+Communion: in St. Omnibus’s around the orb it might be customary to extend the Agnus Dei to accompany the reception of the celebrant(s) and the distribution of vessels to EMHC’s (don’t even go there, for now!) This reality can be easily dealt with by the most timely use of the Communio proper by the choir. Yes, there are many hymns and songs whose lyrics recall (with relative success) a Eucharistic ethos. There are others that functionally paraphrase the propers themselves. Both of those options do no harm, and in specific instances, are beneficial to the welfare of the Body. But, if ever there is a moment of prescriptive discipline that a musician can employ without fear of redress, it would be this moment. As long as the Body understands that this portion of the regimen is particularly mandatory for their own welfare, they will appreciate its immediate effect while their full attention is focused upon receiving the host of everlasting life, the salve of redemption. If a communal singing of a hymn is taken up as an honest chaser after each week’s prescribed proper formula, then so much the better. And should sufficient time that does not impede reverent silence before the Communion procession has ended for the choir to augment the beautiful thanksgiving in sound, then choirs, work your art for His and our sake.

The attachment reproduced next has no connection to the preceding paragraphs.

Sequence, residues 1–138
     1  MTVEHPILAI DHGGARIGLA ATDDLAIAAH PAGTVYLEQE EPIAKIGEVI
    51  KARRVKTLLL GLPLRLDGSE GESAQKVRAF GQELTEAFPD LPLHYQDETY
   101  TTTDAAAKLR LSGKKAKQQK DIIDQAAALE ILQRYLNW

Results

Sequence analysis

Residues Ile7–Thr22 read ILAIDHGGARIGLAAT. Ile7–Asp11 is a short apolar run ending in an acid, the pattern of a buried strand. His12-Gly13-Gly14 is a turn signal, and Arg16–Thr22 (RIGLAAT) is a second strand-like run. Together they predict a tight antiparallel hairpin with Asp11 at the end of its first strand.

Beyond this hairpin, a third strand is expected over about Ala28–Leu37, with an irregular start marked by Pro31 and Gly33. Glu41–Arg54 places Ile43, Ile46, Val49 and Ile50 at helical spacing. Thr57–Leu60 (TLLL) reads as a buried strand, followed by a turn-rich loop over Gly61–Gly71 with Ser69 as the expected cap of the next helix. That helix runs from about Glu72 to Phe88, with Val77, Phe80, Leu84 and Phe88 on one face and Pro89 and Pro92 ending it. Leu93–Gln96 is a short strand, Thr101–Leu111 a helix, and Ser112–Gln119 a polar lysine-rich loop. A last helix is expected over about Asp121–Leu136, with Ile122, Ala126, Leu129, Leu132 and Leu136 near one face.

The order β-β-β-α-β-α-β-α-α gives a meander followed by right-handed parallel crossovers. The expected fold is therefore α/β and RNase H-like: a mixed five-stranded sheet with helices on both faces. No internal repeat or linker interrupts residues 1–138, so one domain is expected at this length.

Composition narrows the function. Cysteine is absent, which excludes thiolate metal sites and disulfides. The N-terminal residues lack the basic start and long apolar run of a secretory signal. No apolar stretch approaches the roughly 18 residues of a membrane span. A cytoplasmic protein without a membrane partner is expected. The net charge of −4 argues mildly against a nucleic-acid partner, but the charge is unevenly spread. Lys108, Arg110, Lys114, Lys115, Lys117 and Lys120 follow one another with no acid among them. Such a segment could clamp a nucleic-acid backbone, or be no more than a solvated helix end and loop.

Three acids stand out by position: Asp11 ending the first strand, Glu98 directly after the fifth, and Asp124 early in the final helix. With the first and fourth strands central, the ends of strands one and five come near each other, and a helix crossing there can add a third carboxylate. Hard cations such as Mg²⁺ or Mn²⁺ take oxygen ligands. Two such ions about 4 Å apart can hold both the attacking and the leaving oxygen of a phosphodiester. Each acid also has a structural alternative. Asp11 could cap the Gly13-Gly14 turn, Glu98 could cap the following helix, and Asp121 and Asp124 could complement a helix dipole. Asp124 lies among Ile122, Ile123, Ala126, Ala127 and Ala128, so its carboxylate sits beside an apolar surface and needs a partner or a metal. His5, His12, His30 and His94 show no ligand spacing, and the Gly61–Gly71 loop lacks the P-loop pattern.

+The dismissal is just that: people leave to realize (or not) the “missio” in commission.
Dr. Invigaro has no recommendation for this “moment.” However, he offers a caveat that it is not a moment, like all that came before, for self actualization, aggrandizement or celebratory inebriation.
Below is your correspondent’s unique but fairly representative formulae for “prescriptive solemnity.” You are free to adjudicate it as a real tonic or a recipe of snake oil. But, we believe we’ll be better prepared to receive the change coming next winter because we have laid down a discipline plan for years now.
28th Sunday, Ordinary Time ©
Introit/Prelude “If You, O Lord, laid bare out guilt…”/Simple Choral Gradual-R.Rice
Entrance: S(chola) GATHER US TOGETHER
E(nsemble) LET US GO TO THE ALTAR
Opening Rites S Kyrie (chant)/Glory to God-(Oecumenica/Proulx-Culbreth)
E Kyrie (Sleeth)//Dancing Day Gloria (P.Ford)
Responsorial Respond & Acclaim
Gospel Accl. S “Alleluia” chant Mode VI
E “Alleluia” Sleeth
Offertory S LEAD ME, GUIDE ME
E JESUS, YOU ARE THE HEALING
Eucharistic Accl. S Oecumenica/Agnus Dei (chanted)
E Sleeth Acclamations
Communio “The rich suffer want….”/SCG-Richard Rice
Commnion Hymn SE YOU ARE MINE
Anthem/Song S ADORAMUS TE CHRISTE (Palestrina)
E EYE HAS NOT SEEN
Dismissal S LORD, YOU GIVE THE GREAT COMMISSION (Abbots leigh)
E I HEARD THE VOICE OF JESUS (Kingsfold)